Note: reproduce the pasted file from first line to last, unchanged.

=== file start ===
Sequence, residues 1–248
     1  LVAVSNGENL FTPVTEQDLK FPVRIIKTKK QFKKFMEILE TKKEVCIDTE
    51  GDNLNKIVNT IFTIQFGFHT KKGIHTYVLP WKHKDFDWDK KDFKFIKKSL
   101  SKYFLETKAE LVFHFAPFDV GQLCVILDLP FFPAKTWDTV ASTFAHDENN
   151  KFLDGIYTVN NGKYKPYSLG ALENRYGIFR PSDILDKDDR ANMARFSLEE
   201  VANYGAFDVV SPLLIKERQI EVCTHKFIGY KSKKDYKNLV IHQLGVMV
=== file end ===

Sequence, residues 1–248
     1  LVAVSNGENL FTPVTEQDLK FPVRIIKTKK QFKKFMEILE TKKEVCIDTE
    51  GDNLNKIVNT IFTIQFGFHT KKGIHTYVLP WKHKDFDWDK KDFKFIKKSL
   101  SKYFLETKAE LVFHFAPFDV GQLCVILDLP FFPAKTWDTV ASTFAHDENN
   151  KFLDGIYTVN NGKYKPYSLG ALENRYGIFR PSDILDKDDR ANMARFSLEE
   201  VANYGAFDVV SPLLIKERQI EVCTHKFIGY KSKKDYKNLV IHQLGVMV